Main Differences Between Acid and Base

Main Differences Between Acid and Base 

Acids and bases are the forms of chemical which play a crucial role in chemistry. They are generally available in our daily life. Some common examples of acids could be citric acid and lactic acid, which is present in lemon. The common examples of bases could be cleaning products like bleach and ammonia. Every liquid in our everyday life is either acid or base, except water. 

The definition of acid and base evolved with time through three sets of theories, such as Arrhenius, Lewis, and Bronsted theories. The substances which act as both base and acid are known as amphoterism. Water is the most common example of it. Since it acts as both acid as well as the base. Examples of acids are acetic acid, sulphuric acid, etc. and examples of the base are hydroxide, ammonia, etc.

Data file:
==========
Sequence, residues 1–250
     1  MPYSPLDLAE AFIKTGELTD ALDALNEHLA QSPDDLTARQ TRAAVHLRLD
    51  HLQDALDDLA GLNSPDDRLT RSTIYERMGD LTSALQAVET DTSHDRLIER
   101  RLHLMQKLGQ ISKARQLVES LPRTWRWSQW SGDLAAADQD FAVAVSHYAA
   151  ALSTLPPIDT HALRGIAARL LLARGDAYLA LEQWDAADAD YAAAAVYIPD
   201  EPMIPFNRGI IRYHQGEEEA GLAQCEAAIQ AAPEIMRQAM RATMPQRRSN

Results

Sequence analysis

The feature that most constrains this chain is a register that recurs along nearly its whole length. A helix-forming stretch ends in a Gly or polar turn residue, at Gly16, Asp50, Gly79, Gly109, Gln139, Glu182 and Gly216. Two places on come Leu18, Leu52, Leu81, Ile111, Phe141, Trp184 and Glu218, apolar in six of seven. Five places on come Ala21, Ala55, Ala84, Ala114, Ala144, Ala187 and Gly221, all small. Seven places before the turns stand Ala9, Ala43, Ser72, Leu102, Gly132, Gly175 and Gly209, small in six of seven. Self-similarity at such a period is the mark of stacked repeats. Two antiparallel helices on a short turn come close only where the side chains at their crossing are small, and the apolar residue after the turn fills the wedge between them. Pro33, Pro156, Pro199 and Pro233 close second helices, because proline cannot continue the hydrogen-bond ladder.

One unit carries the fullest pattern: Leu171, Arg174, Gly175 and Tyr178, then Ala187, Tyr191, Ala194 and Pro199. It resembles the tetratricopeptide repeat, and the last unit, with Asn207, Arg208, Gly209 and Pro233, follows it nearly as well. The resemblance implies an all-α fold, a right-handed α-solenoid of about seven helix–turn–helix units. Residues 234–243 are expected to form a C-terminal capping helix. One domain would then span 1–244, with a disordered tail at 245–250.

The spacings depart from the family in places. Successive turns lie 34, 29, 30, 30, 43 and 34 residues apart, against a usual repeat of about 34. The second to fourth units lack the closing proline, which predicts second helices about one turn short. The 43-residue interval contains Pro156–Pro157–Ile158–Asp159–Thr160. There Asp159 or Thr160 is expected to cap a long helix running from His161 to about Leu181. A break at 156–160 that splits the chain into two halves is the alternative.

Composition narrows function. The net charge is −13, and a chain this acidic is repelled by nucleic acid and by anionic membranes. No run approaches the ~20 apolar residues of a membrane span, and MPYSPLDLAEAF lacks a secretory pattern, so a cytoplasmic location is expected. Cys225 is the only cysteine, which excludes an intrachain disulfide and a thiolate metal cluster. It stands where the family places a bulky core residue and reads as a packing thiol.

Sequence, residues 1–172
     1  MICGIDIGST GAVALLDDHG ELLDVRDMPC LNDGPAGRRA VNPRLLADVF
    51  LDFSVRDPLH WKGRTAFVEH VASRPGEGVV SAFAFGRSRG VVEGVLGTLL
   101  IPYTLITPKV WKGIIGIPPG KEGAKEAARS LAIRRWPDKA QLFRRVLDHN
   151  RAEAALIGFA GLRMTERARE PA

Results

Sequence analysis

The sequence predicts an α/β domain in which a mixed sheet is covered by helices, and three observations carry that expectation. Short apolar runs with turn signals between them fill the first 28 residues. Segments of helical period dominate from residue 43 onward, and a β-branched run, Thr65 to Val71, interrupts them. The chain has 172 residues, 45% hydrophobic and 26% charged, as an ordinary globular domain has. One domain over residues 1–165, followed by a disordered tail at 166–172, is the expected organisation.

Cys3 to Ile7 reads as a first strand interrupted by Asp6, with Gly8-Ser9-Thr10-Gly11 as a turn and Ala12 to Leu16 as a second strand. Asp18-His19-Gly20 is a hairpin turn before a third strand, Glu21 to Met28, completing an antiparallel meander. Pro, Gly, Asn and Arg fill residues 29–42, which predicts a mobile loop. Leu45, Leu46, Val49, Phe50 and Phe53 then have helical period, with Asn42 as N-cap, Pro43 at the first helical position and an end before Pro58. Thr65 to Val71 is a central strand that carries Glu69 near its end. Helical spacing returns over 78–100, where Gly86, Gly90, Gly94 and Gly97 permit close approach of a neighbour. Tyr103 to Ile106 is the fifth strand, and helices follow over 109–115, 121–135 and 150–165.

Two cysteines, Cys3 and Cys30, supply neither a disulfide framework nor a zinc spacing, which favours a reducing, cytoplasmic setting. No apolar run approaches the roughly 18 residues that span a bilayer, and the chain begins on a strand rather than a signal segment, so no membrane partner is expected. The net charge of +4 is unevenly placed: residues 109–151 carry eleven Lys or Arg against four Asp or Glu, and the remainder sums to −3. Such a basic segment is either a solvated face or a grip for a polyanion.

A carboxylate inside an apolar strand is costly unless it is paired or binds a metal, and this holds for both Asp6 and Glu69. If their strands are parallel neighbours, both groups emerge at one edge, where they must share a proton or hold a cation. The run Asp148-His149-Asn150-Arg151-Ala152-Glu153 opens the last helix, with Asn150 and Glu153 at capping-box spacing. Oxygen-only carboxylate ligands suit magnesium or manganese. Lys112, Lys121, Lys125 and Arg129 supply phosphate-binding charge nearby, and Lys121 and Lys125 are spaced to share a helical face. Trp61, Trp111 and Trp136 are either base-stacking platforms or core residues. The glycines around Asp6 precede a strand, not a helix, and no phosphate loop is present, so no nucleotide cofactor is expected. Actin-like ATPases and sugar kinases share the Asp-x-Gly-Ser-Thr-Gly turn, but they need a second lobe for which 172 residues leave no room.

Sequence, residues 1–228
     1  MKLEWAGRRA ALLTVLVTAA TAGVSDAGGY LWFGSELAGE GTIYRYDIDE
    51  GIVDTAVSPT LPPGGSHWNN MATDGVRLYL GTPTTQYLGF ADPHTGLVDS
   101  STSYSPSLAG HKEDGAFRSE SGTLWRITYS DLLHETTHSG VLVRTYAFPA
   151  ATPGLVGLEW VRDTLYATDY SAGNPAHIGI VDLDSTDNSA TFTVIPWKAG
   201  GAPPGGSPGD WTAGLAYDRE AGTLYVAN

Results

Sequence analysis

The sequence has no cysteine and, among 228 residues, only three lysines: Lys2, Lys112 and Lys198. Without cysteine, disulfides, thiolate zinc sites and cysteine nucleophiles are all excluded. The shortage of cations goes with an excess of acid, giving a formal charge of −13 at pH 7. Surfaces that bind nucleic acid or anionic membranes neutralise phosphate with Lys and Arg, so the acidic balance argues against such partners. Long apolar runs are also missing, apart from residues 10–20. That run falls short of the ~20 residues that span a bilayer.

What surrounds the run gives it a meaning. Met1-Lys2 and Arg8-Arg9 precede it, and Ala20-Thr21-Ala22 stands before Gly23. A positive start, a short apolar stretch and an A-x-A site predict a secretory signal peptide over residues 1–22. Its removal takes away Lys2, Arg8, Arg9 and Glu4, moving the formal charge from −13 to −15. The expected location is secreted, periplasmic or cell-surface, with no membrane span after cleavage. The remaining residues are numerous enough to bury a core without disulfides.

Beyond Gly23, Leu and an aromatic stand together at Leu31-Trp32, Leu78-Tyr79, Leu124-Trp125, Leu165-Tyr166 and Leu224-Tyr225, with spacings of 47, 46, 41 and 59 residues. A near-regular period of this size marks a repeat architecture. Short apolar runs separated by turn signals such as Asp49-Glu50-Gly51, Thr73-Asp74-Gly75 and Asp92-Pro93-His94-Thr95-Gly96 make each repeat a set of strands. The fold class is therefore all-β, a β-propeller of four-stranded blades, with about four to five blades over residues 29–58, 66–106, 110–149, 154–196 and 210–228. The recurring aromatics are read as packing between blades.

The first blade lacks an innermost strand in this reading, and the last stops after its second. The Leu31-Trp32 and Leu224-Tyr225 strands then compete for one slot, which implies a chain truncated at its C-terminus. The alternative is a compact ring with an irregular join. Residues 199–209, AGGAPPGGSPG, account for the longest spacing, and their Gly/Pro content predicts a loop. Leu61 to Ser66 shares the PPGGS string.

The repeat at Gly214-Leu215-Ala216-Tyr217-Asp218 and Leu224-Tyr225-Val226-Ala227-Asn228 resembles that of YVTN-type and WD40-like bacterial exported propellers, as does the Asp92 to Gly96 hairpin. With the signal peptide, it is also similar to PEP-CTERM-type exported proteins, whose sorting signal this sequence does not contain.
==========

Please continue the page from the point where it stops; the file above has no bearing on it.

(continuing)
Acid Vs. Base

The following are some main differences between acid and base. 

Arrhenius Definition

The acid is a chemical compound that dissolves in water to give H+ ion more than pure water. Whereas the base is a substance in the aqueous state that donates OH- ion in water and accepts protons. 

Lowry Definition

Acid is a proton donor, while the base is a proton acceptor. This concept was introduced by Bronsted-Lowry, generally known as Kauffman, in 1988. 

pH Value

Acids have a pH value of less than 7. On the other hand, the Bases have a pH value of more than 7. However, the water has the pH value as seven, which is neither acid nor base. The water is neutral. 

Litmus Paper

An acid turns blue litmus paper to red color since they are alkaline in nature. While bases turn red litmus paper to blue color. There is also phenolphthalein indicator in which acids remain colorless, and bases give a pink color. 

Taste or Touch 

Acids are sour in taste. In contrast, bases are bitter in taste, so never taste them. Besides this, bases give soapy feel or slippery to touch. Most of the acids are solid and can be dangerous to touch. 


Acids are essential in some medicines such as acetic, carbonic, etc. in syrups. While the bases are essential for making antacids such as antacid. However, strong acids and bases can cause severe injury at direct contact.